The Haitian elections are at an impasse with no clear path out. I was in Haiti last week when the rioting broke out over the elections results. I had been asking my Haitian friends what they thought would happen.The most common response was, "I don't know what will be announced, but I don't think the results they announce will have anything to do with how people voted on the 28th." Like most organizations, we closed our office early on the day that the results were announced to allow our staff to get home before the storm broke.
That night, the CEP representative was shaking as he read the results that put Preval's Unity party in a strong lead for controlling the parliament and then announcing that their candidate had made the cut and would be part of the run-off for the presidency.
I spent the next days and a half holed up in our guest house as we listened to the reports of the protests that spread throughout the country then fled out through the Dominican Republic when a light rain kept the protesters home (it was a bit odd being the person from Washington who had to be evacuated out of the country rather than the one was expected to hold down the fort!).
A week later, the situation can only be described as stuck. I am sadden that my election day report of the fraud turned out to be more accurate than my more upbeat recanting from the next day. It seems that there are three broad paths that could lead towards resolution, although none of them will be easy:
1. Damn the torpedoes, full speed ahead: The Haitian government is still claiming that the fraud was limited and that the results are basically legitimate They claim that they will do better in the second round. This is basically the position that the OAS took in the days after the election. However, the fraud has been widely reported. The opposition candidates have said that they will not accept moving forward with the current electoral council. If the government appears to move down this road by announcing final results on Monday and that they will hold the elections on January 16th as planned, the protests are likely to erupt again. It could then come down to a contest of wills--are the protesters willing to block circulation in Haiti for long enough to force the government to back down or will they keep it up for a few days and give up and go home.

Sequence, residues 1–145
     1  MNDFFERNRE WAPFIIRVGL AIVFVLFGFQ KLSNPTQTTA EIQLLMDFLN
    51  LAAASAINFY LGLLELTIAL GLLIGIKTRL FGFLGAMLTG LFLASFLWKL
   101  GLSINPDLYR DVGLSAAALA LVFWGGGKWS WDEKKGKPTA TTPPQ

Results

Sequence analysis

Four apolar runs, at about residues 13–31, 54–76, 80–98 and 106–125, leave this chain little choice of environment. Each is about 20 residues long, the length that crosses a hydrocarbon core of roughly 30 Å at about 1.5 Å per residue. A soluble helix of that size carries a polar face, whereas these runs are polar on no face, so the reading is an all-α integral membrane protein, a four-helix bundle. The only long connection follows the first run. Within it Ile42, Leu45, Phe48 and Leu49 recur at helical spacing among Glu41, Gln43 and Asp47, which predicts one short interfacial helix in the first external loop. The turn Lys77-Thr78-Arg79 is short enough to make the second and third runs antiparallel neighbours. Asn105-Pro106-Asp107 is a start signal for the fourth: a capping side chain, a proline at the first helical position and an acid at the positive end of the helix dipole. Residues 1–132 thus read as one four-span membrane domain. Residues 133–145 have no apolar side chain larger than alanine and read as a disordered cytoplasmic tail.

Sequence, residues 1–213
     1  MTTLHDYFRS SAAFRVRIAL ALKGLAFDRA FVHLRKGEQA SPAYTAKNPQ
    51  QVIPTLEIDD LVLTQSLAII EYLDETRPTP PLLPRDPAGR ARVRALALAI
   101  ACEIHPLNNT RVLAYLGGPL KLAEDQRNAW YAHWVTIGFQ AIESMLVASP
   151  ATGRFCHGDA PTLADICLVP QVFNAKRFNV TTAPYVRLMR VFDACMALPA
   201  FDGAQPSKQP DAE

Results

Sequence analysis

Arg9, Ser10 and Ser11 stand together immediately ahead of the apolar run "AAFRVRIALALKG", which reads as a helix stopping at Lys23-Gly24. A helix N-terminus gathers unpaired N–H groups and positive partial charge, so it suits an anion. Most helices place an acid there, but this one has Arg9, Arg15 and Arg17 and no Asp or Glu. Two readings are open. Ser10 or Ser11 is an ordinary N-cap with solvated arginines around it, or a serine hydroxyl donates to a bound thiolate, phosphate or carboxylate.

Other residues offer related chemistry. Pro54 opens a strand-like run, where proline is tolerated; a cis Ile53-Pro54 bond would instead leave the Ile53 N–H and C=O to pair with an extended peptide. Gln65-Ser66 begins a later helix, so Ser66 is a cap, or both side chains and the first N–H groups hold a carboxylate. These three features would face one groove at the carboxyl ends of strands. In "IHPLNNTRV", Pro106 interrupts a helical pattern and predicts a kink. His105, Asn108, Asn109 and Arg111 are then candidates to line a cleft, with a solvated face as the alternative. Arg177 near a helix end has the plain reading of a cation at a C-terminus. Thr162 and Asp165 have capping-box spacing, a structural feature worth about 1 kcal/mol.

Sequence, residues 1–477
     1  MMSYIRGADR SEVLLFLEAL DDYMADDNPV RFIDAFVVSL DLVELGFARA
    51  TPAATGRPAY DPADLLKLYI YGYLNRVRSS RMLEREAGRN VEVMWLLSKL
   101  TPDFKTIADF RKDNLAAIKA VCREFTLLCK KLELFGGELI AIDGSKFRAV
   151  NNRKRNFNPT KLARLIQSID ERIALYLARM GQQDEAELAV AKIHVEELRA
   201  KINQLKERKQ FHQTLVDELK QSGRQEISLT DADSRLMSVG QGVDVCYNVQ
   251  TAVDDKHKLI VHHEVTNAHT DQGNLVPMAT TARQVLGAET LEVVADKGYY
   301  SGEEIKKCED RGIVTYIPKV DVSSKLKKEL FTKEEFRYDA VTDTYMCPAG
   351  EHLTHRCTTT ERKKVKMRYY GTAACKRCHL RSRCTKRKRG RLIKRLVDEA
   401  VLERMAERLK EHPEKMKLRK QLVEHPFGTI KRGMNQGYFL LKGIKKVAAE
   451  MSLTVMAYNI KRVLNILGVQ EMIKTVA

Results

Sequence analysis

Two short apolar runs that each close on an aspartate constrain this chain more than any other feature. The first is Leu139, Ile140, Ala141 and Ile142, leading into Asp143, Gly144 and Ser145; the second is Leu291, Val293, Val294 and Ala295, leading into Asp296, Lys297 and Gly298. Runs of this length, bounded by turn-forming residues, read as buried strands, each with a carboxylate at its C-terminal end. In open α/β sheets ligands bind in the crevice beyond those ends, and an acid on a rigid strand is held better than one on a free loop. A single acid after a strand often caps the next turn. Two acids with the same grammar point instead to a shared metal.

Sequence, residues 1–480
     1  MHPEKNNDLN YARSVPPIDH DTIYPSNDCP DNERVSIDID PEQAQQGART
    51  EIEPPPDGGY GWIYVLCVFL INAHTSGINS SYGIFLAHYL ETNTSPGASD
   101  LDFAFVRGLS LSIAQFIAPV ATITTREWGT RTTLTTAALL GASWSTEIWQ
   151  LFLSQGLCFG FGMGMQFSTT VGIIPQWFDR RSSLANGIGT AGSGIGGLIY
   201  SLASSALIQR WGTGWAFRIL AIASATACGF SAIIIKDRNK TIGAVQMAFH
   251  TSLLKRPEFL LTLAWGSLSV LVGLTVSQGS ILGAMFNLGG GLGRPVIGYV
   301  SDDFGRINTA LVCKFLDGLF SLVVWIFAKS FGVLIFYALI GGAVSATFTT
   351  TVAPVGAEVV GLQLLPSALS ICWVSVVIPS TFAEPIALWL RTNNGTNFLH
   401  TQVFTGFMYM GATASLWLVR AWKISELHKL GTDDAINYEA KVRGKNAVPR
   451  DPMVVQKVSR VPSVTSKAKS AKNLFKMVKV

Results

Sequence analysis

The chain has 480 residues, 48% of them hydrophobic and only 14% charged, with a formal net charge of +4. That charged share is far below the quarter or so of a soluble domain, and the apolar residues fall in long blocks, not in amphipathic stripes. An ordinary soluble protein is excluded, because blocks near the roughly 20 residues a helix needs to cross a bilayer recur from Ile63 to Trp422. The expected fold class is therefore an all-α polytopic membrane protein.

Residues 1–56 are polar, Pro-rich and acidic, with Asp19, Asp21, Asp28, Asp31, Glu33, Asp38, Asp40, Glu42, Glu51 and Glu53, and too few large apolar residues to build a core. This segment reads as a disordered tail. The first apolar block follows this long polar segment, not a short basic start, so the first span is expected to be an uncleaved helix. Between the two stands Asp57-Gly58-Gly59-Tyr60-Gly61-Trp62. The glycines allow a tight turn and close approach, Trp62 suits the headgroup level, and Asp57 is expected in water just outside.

2. The Martelly Solution: Michel Martelly is suggesting that a new electoral council be formed and that the elections be reheld on the date that had been proposed for the second round (January 16th) with a winner-take -all approach--dropping the requirement that a candidate needs 50% or must go to a second round. I assume that he is proposing this solution for the entire election, not just the presidential election. Logistically this would be a nightmare. I don't know if a credible electoral council could be formed, but there certainly would not be time to hire and train new poll workers. I suspect that it would take at least three months to pull this off.
3. The Nuclear Option: The most drastic solution would be to declare the elections to be a failure and to wait out the rest of Preval's consitutional mandate then have a transitional government installed on February 7th. Although the Haitian Constitution only allows a transitional government 90 days to organize new elections, it took nearly two years after President Aristides' departure in 2004. My impression is that most Haitians would welcome a break from the electoral mess--they just want to get on with their lives. However, the Haitian politicians and the international community would have great trouble accepting this solution since it clearly shows that they failed in helping the Haitian government to organize credible solutions. It will also result in a long transitional period when there is no one with the moral authority to take hard political decisions.
Three bad options. Ideally, some sort of compromise would be worked out that would allow the country to move forward. In 1994, the Dominican Republic faced this choice. President Balaguer had clearly stolen the elections from the opposition candidate Peña Gómez. After days of protests, the two leaders sat together and worked out a compromise wherein Balaguer agreed to hold new elections in two years and to not run. He honored his word, the elections were held, Peña Gómez lost to President Fernandez, and democracy took root in the Dominican Republic.
I hope and pray that something similar could happen in Haiti.